Notes and further reading from the writer:
A.D. Gordon completely transformed himself in middle age. He came out of nowhere to inspire his fellow chalutzim and infuse labor Zionism with a mystical fervor. His essays are somewhat hard to find, but they remain readable and inspirational.
Recommendation: For the Gordon chapter alone, it’s worth owning copies of Herzberg’s original The Zionist Idea, and Gil Troy’s recent follow up, The Zionist Ideas. While Herzberg presents the writings of the founding generations, Troy brings the Zionist canon up to date. Of course, to fit in one volume, Troy had to reduce the essays in number and length. In our case, Troy gives Gordon two, whereas Herzberg gives him six. In a sense, Troy does a double service. He updated the sources but leaves the Herzberg original still worthwhile. Serious Zionists should own both and can happily read sections at their leisure.
Panel 1: The Second Aliyah
Panel 3: Aharon David Gordon
Panel 4: A.D. Gordon: The Religion of Labor Although raised in a traditional home, Gordon eventually left religion behind. He turned away from socialism both because it focused on economics rather than man’s inner world, but also because he believed that a nationality is a basic form of human identity that can’t be ignored. While he shared the love of labor with his fellow kibbutz members, his philosophy differed from theirs. While they were focused on humanity and class struggle, he focused on identity and existential spirituality. He also argued that there was much in classic Jewish traditions. For example, he argued that days like Yom Kippur are worth preserving in our national culture to promote spiritual sensitivity and growth. (see his 1921 essay Yom Kippur, in Herzberg, pg. 383)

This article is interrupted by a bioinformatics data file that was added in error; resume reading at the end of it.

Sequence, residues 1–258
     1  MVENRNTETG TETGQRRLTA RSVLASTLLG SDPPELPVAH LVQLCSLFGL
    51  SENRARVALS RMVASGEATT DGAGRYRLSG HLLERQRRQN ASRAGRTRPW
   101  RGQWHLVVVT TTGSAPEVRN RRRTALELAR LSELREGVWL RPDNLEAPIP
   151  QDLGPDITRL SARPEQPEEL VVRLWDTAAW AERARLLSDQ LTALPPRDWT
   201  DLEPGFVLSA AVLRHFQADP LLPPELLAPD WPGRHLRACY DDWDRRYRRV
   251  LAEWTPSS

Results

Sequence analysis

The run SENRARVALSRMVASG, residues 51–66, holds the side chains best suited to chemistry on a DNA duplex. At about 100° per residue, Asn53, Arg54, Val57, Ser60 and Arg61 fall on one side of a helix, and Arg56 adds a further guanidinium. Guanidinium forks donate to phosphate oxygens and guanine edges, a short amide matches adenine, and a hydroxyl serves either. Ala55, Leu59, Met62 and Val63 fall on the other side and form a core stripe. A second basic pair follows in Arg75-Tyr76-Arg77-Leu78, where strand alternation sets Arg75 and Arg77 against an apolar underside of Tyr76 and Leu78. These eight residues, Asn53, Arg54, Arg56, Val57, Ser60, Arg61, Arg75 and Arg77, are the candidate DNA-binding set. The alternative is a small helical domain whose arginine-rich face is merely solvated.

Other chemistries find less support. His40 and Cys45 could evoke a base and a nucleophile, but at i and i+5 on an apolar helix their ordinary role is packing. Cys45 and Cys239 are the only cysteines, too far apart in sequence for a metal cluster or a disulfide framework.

Panel 4 (bottom part): People and Labor – 1911 (Herzberg, pg. 372)
Panel 5: Our Tasks Ahead – 1920 (Herzberg, pg. 382)
Michael Unterberg (author) and Zvi Ron (artist) have been making comics together since they were classmates in Yeshivah of Flatbush elementary school. They both live in Gush Etzion.
Please do not reuse without permission from the authors. Thank you.